Action: Restore or create traditional water meadows
Key messagesRead our guidance on Key messages before continuing
- Four out of five before-and-after studies, all from the UK, found that the number of waders and wildfowl on sites increased following the restoration of water meadows. One before-and-after study from Sweden found no increase in northern lapwing population following an increase in the area of managed meadows in the study area. This study also found that restored meadows were used less than expected by breeding lapwings.
- A before-and-after study from Sweden found that hatching success of northern lapwings were higher on meadows than on spring-sown crops. There were no differences between meadows and autumn-sown crops or grasslands.
Water meadows are areas of grazing land or hay meadow that have carefully controlled water levels to keep the soil damp. In Europe they provide valuable breeding habitats for waders and other biodiversity. The studies below describe instances when multiple interventions have been used to create water meadows. When the effects of multiple interventions, such as raising water levels and adding foot drains, can be separated, they are discussed under the relevant interventions in ‘Threat: Natural system modifications’.
Supporting evidence from individual studies
A before-and-after study in 1984-1994 in Västmanland, Sweden (Berg et al. 2002), found that there was no increase in northern lapwing Vanellus vanellus population in the study area despite an increase in the area of managed flood meadows from 163 ha to 530 ha over the study period (approximately 220 pairs in 1985 vs. 200 in 1994; range of 152-297 pairs). Both managed and unmanaged meadows were used less for nesting than expected based on their availability. However, average hatching success was significantly higher in meadows (78-90% for 54 nests in meadows), compared to spring-sown crops (29-50% of 1,236 nests). There were no differences between meadows and autumn sown crops or cultivated grassland (approximately 85% and 75% success respectively). Before 1984, the majority of meadows in the area were overgrown and abandoned.
A before-and-after study of grazing marshes in east England (Smart & Coutts 2004) found an increase in breeding wader numbers following a number of interventions. Northern lapwing numbers increased from 19 pairs in 1993 to 85 pairs in 2003 and common redshank Tringa totanus rose from four to 63 pairs. Numbers of winter wildfowl also increased over the period and changes in vegetation communities to those more tolerant of inundation occurred. In 1993, water levels were raised by 45 cm. Management included opening up existing footdrains; creating new ones; reconnecting drains to ditches; reducing grazing intensity (from 1.5-2 cattle/ha to 0.7) and stopping fertiliser inputs. From 1995, approximately 600 m of footdrains were opened/year; from 2000 onwards, approximately 2,000 m of footdrains were opened or added.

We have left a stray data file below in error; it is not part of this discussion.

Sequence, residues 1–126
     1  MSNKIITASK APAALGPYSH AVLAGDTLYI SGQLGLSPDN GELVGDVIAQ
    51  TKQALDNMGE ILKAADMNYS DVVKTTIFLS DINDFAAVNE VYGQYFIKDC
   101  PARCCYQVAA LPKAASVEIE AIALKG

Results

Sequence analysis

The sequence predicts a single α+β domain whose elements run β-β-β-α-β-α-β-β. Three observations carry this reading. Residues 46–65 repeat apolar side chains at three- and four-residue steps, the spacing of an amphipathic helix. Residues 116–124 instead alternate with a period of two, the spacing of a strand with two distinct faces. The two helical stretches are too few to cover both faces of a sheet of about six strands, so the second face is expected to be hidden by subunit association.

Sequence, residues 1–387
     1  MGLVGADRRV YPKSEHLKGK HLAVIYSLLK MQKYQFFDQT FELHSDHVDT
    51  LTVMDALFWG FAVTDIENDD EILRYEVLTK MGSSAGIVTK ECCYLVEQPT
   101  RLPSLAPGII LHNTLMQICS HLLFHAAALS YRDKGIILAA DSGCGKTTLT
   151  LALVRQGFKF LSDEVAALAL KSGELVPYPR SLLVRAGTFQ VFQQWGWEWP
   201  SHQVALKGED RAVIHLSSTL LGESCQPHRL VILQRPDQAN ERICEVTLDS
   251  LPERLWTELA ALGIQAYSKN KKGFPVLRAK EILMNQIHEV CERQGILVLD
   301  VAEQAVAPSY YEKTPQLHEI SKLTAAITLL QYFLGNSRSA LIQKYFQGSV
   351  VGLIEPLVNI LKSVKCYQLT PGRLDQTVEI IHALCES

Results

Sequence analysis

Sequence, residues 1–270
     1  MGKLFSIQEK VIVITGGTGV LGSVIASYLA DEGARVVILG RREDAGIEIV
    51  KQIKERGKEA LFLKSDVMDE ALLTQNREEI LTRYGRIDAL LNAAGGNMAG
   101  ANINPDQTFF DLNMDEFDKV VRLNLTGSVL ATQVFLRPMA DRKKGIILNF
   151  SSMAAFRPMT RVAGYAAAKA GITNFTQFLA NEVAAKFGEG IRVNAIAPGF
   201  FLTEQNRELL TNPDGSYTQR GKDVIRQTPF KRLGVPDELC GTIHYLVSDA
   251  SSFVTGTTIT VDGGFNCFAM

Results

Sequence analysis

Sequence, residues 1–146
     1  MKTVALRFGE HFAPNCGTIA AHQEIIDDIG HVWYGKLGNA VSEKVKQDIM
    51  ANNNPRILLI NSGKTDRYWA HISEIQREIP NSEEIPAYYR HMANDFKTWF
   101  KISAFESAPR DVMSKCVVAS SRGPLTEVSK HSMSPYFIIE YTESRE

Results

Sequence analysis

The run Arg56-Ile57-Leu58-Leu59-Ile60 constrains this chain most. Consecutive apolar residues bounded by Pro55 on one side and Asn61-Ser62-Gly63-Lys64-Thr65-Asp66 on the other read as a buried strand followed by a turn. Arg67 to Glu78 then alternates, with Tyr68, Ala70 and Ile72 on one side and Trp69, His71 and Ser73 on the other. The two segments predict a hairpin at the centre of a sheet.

A study on 84 ha of former arable land adjoining Berney Marshes RSPB Reserve, Norfolk, England (Lyons & Ausden 2005), found that breeding wader numbers increased after the land was restored to grazing marsh: 15-20 pairs of northern lapwing and 5-10 pairs of common redshank were found on the marsh, depending on year. The fields were regularly used for foraging by a large proportion of the estimated 100,000 wintering waterfowl (e.g. Eurasian wigeon Anas penelope) using the reserve. The fields were acquired in 1998, water levels were raised, foot drains were added, and grazing by sheep (and then cattle) was introduced. By 2003, plant communities had shifted towards those characteristic of lowland wet grassland.
A before-and-after study on a wetland reserve in Cumbria, England (Holton & Allcorn 2006), found that the number of common snipe Gallinago gallinago nesting in an area of improved peat grassland increased from one pair in 2003 to 11 pairs in both 2004 and 2005 following several interventions including maintaining higher water levels, the initiation of a more intensive grazing regime, the cutting of rush Juncus spp. the creation of scrapes for feeding birds.
A before-and-after study on 160 ha of improved grassland at Ynys-hir RSPB reserve, Powys, Wales (Squires & Allcorn 2006), found that, after a series of management interventions, the population of northern lapwings increased from 10 to 81 pairs and redshank increased from 11 to 29 pairs between 2000 and 2005. Management included chisel ploughing, used on a 2-year rotation (approximately 8 ha in February 2002 and 10 ha areas thereafter) to break up the surface to create small hummocks and divots (see ‘Create scrapes and pools in wetlands and wet grasslands’). The water level was also increased and a seasonal sheep and cattle grazing regime introduced.
- Berg Ã., Jonsson M., Lindberg T. & Källebrink K.G. (2002) Population dynamics and reproduction of northern lapwings Vanellus vanellus in a meadow restoration area in central Sweden. Ibis, 144, 131-140
- Smart M. & Coutts K. (2004) Footdrain management to enhance habitat for breeding waders on lowland wet grassland at Buckenham and Cantley Marshes, Mid-Yare RSPB Reserve, Norfolk, England. Conservation Evidence, 1, 16-19
- Lyons G. & Ausden M. (2005) Raising water levels to revert arable land to grazing marsh at Berney Marshes RSPB Reserve, Norfolk, England. Conservation Evidence, 2, 47-49
- Holton N. & Allcorn R.I. (2006) The effectiveness of opening up rush patches on encouraging breeding common snipe Gallinago gallinago at Rogersceugh Farm, Campfield Marsh RSPB reserve, Cumbria, England. Conservation Evidence, 3, 79-80
- Squires R. & Allcorn R.I. (2006) The effect of chisel ploughing to create nesting habitat for breeding lapwings Vanellus vanellus at Ynys-Hir RSPB reserve, Powys, Wales. Conservation Evidence, 3, 77-78